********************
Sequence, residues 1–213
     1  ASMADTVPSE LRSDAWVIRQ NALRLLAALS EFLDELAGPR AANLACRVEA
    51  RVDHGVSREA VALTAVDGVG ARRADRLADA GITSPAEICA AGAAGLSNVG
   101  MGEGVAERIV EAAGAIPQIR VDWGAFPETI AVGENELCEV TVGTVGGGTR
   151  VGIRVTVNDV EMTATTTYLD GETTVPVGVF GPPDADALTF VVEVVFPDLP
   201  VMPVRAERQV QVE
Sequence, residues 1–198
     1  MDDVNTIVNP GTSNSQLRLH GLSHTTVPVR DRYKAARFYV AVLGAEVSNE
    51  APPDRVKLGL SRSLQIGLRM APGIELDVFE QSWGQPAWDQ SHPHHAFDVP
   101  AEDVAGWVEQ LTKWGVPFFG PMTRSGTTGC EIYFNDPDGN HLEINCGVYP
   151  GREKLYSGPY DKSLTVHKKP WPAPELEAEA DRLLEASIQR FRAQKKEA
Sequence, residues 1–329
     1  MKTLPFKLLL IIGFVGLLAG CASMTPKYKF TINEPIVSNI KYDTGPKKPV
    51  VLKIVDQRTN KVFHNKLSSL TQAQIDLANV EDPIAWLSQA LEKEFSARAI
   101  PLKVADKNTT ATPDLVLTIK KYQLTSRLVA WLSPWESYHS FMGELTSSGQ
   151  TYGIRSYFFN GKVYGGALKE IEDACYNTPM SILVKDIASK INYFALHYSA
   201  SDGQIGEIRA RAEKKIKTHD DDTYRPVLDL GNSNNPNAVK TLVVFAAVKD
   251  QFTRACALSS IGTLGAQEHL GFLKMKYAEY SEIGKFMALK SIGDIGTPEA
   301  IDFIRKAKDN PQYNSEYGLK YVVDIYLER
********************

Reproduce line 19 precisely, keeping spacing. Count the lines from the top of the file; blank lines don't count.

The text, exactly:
   301  IDFIRKAKDN PQYNSEYGLK YVVDIYLER